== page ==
Xavia nodded. “An honor, sir.”

Corky was eyeing the sandwich in her hand. “That looks good.”

Xavia gave him an odd look.

“I got your message,” Tolland said to Xavia. “You said I made a mistake in my presentation? I want to talk to you about it.”

The geologist stared at him and let out a shrill laugh. “That’s why you’re back? Oh, Mike, for God’s sake, I told you, it was nothing. I was just pulling your chain. NASA obviously gave you some old data. Inconsequential. Seriously, only three or four marine geologists in the world might have noticed the oversight!”

Tolland held his breath. “This oversight. Does it by any chance have anything to do with chondrules?”

Xavia’s face went blank with shock. “My God. One of those geologists called you already?”

Tolland slumped. The chondrules. He looked at Corky and then back to the marine geologist. “Xavia, I need to know everything you can tell me about these chondrules. What was the mistake I made?”

Xavia stared at him, apparently now sensing he was dead serious. “Mike, it’s really nothing. I read a small article in a trade journal a while back. But I don’t understand why you’re so worried about this.”

Tolland sighed. “Xavia, as strange as this may sound, the less you know tonight, the better. All I’m asking is for you to tell us what you know about chondrules, and then we’ll need you to examine a rock sample for us.”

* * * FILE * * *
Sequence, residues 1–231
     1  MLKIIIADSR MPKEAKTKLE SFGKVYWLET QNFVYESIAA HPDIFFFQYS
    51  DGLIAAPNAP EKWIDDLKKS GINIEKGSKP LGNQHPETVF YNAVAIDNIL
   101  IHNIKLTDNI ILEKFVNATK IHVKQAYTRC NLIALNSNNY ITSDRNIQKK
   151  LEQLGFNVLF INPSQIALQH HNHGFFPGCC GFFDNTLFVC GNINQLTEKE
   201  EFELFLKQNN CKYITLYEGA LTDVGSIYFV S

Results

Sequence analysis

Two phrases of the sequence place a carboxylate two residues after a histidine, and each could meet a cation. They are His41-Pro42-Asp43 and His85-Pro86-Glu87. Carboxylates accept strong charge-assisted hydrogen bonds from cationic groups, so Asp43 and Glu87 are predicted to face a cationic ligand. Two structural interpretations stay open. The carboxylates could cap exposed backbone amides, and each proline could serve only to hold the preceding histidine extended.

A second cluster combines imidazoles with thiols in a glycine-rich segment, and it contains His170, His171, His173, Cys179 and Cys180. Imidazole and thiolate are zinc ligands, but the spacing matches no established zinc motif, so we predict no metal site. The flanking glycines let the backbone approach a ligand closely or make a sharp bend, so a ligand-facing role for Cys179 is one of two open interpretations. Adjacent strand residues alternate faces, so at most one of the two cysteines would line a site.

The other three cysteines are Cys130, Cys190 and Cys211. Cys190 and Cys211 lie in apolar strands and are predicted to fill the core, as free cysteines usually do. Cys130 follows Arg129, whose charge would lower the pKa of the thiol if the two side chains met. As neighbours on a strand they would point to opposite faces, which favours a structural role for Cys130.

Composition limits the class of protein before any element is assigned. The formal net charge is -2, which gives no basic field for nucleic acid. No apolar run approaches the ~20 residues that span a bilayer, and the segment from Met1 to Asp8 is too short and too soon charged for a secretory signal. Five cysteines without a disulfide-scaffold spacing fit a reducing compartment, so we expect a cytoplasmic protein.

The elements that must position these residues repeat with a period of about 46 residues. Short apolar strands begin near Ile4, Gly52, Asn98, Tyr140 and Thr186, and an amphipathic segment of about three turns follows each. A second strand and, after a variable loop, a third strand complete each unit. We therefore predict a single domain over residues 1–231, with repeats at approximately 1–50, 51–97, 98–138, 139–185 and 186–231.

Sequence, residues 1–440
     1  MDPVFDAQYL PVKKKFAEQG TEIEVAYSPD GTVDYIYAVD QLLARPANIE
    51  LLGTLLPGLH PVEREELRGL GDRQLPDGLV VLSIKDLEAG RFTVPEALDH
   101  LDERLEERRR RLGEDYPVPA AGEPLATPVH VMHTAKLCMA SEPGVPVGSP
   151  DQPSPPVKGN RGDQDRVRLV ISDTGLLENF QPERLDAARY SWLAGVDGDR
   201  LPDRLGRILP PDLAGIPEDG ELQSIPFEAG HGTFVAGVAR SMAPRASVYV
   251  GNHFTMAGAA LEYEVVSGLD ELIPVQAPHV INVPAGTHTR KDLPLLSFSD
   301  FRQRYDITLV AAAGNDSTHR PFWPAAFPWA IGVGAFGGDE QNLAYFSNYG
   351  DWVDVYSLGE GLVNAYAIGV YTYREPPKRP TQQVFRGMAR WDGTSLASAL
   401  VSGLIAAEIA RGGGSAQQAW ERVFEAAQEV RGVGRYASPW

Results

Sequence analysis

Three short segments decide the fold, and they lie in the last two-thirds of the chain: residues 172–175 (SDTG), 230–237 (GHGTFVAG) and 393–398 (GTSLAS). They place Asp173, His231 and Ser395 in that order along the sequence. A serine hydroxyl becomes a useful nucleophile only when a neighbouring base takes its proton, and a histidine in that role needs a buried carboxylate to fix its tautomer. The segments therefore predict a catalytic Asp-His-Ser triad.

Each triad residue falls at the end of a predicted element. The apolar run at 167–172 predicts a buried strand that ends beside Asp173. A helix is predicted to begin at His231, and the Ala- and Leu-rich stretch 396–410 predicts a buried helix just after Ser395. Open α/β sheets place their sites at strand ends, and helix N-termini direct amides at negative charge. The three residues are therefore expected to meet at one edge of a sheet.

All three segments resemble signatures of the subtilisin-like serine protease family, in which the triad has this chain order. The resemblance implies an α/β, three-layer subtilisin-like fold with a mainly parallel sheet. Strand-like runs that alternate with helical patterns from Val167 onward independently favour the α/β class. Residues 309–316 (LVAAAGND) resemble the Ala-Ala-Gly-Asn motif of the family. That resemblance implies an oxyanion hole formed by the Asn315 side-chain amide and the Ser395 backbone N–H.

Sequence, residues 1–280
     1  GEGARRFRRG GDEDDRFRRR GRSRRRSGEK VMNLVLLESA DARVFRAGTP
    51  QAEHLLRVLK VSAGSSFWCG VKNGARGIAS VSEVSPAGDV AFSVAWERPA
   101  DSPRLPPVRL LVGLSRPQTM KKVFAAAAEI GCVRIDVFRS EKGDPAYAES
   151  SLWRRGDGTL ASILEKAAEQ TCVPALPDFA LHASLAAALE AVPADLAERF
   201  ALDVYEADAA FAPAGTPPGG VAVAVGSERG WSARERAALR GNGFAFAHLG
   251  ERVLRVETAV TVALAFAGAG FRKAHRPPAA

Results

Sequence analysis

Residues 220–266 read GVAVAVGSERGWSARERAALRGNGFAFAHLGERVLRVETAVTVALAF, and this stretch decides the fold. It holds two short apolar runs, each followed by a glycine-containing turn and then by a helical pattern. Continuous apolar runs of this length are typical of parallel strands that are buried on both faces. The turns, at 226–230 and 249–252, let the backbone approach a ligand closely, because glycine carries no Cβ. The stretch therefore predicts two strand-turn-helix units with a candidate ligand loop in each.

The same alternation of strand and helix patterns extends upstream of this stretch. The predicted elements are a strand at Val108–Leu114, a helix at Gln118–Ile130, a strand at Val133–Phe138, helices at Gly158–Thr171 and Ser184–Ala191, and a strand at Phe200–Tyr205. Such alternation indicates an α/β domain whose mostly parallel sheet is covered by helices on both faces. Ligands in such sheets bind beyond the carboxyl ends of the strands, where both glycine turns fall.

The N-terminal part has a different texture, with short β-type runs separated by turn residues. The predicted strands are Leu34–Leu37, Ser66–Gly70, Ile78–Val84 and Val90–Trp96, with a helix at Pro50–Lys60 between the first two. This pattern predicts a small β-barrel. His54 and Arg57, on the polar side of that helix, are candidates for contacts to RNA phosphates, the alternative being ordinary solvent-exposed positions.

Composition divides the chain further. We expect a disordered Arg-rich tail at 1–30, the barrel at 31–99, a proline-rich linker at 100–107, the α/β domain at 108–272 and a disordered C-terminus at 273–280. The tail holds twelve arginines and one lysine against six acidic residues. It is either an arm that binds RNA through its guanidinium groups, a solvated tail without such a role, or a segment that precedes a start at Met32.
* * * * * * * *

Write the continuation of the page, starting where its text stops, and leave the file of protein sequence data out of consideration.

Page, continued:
Xavia looked mystified and vaguely perturbed to be out of the loop. “Fine, let me get you that article. It’s in my office.” She set her sandwich down and headed for the door.

Corky called after her. “Can I finish that?”

Xavia paused, sounding incredulous. “You want to finish my sandwich?”

“Well, I just thought if you‑”

“Get your own damn sandwich.” Xavia left.

Tolland chuckled, motioning across the lab toward a specimen cooler. “Bottom shelf, Corky. Between the sambuca and squid sacs.”

Outside on deck, Rachel descended the steep stairway from the bridge and strode toward the chopper pad. The Coast Guard pilot was dozing but sat up when Rachel rapped on the cockpit.

“Done already?” he asked. “That was fast.”

Rachel shook her head, on edge. “Can you run both surface and air radar?”

“Sure. Ten‑mile radius.”

“Turn it on, please.”

Looking puzzled, the pilot threw a couple of switches and the radar screen lit up. The sweep arm spun lazy circles.

“Anything?” Rachel asked.

The pilot let the arm make several complete rotations. He adjusted some controls and watched. It was all clear. “Couple of small ships way out on the periphery, but they’re heading away from us. We’re clear. Miles and miles of open sea in all directions.”

Rachel Sexton sighed, although she did not feel particularly relieved. “Do me a favor, if you see anything approaching‑boats, aircraft, anything‑will you let me know immediately?”

“Sure thing. Is everything okay?”

“Yeah. I’d just like to know if we’re having company.”

The pilot shrugged. “I’ll watch the radar, ma’am. If anything blips, you’ll be the first to know.”

Rachel’s senses were tingling as she headed for the hydrolab. When she entered, Corky and Tolland were standing alone in front of a computer monitor and chewing sandwiches.

Corky called out to her with his mouth full. “What’ll it be? Fishy chicken, fishy bologna, or fishy egg salad?”

Rachel barely heard the question. “Mike, how fast can we get this information and get off this ship?”